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NGO Bill - Index of Opinion and Analysis
approves NGO Act despite protests
Non-Governmental Organisations (NGO) Bill has been passed by Zimbabwe's
parliament and now only awaits the signature of President Robert
Mugabe. The bill has caused widespread protest in Zimbabwe and abroad
as it places severe restrictions on the activities of NGOs and human
rights groups, in particular if they are financed from abroad.
Among the contentious
issues in the NGO Act are the ban on foreign funding, the composition
of a new government-led NGO Council, registration as well as the
definition of governance, which most organisations say are "too
broad" to encompass all civil society activities. The NGO Act specifically
targets organisations that "promote and protect human rights".
When presented in September, the Bill caused widespread disbelief
and protest among Zimbabwean NGOs. More than 20 Zimbabwean civic
bodies and churches, said the draft was a repressive piece of legislation.
The law would actually make government-related organisations of
the country's NGOs and churches, the groups held.
While Zimbabwean NGOs today adopted a wait-and-see approach to the
new Act, the human rights group Amnesty International strongly protested,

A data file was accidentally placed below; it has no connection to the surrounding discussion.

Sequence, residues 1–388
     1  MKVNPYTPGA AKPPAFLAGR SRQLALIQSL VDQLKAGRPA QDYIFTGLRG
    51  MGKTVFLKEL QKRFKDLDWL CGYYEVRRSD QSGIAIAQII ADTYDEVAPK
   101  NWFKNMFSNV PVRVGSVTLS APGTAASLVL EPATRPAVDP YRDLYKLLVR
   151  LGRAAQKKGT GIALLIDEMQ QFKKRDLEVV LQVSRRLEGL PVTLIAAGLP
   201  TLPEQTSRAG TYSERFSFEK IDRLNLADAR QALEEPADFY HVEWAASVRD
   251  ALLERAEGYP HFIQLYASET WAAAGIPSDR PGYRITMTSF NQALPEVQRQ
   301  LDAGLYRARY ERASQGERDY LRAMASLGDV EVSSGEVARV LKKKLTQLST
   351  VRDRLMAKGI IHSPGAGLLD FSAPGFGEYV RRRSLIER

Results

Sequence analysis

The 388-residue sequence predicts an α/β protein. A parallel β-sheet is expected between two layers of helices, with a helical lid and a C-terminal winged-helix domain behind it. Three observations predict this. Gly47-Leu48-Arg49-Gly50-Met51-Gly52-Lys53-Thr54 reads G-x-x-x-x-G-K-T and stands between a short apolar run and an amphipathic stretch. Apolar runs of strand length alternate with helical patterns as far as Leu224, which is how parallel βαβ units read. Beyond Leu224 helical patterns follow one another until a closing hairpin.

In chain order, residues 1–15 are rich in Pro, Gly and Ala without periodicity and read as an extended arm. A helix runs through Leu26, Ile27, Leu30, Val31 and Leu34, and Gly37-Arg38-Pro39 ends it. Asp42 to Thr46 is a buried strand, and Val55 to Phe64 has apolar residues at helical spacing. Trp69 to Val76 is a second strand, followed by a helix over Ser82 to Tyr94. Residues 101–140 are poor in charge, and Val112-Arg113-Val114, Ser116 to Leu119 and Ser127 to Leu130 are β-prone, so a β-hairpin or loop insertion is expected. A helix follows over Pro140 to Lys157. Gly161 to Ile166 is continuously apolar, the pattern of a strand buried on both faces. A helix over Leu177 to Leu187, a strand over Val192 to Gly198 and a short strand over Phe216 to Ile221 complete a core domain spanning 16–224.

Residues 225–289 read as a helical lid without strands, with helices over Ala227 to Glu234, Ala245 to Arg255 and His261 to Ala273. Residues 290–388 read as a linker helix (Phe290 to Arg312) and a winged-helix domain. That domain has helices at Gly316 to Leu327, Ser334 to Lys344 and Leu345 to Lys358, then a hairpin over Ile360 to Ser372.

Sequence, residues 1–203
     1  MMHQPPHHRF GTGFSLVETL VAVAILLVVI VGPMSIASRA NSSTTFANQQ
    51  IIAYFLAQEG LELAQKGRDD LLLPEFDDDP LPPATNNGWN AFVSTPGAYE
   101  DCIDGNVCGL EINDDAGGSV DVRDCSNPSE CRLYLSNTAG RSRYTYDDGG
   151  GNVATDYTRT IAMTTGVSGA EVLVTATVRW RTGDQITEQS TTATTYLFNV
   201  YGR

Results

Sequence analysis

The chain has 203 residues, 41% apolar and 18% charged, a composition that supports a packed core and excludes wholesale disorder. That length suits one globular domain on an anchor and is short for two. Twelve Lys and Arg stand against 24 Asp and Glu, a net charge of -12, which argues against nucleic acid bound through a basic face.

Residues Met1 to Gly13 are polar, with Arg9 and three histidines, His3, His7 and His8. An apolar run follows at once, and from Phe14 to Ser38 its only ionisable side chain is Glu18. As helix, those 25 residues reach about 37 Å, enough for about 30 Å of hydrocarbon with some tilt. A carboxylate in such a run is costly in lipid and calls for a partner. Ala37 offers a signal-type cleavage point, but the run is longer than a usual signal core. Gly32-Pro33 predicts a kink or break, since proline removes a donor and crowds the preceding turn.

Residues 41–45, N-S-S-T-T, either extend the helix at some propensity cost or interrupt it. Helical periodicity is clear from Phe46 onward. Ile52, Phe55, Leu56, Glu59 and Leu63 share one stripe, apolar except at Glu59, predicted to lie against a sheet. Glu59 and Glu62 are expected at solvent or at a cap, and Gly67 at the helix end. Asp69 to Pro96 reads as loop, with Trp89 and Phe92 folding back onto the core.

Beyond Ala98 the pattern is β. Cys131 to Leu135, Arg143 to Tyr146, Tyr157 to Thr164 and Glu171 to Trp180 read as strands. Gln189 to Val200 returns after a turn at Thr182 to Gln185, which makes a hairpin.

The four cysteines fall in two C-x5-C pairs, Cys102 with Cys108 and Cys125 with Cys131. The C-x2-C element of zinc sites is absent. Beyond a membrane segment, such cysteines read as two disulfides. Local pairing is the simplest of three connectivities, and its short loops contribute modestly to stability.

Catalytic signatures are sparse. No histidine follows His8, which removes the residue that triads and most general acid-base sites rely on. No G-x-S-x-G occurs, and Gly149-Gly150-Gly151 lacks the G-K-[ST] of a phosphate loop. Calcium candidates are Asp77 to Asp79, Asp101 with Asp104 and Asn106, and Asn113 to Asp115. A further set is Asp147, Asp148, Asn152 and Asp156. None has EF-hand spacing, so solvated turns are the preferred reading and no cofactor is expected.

saying it was "outraged". The law bans foreign human rights organisations,
such as Amnesty, from working in Zimbabwe and could be used to close
down local human rights groups.
- The law is a direct attack on human rights in Zimbabwe and should
be immediately repealed, Kolawole Olaniyan, Director of Amnesty's
Africa Program, urged today. "Preventing local NGOs from receiving
foreign funding for human rights work would effectively mean the
end of many vital human rights programmes, as there is so little
local funding available," he added.
Amnesty said it believed that the legislation would be applied selectively,
as had been the case with other repressive legislation introduced
in Zimbabwe over the last four years. The Media Information Commission
established by the 2002 Access to Information and Protection of
Privacy Act (AIPPA) had already overseen severe repression of independent
media in Zimbabwe.
- If the NGO Act is enforced across the board, tens of thousands
of people being assisted by NGO programmes could suffer, Mr Olaniyan
said. "Reputable and dedicated human rights organisations in Zimbabwe
provide vital medical and psychological care and legal advice to
victims of human rights violations. Most victims have nowhere else
to turn in a country where unemployment is above 70 percent and
the health service has been severely eroded," he added.
Protests also came from foreign governments. The US State Department
today condemned the new Zimbabwean legislation. Deputy Spokesman
Adam Ereli said that "this law, if signed by President Mugabe, will
stifle political debate in the exercise of civil liberties in Zimbabwe
by preventing international human rights groups from operating there."
- In our view, this bill is an assault on civil society and an attempt
to curtail political discussion in Zimbabwe, the US government spokesman
said. "It is yet another sign that the government of Zimbabwe may
not be serious about holding free and fair parliamentary elections
in March 2005, and we call upon President Mugabe not to sign this
bill. That's our view of it."
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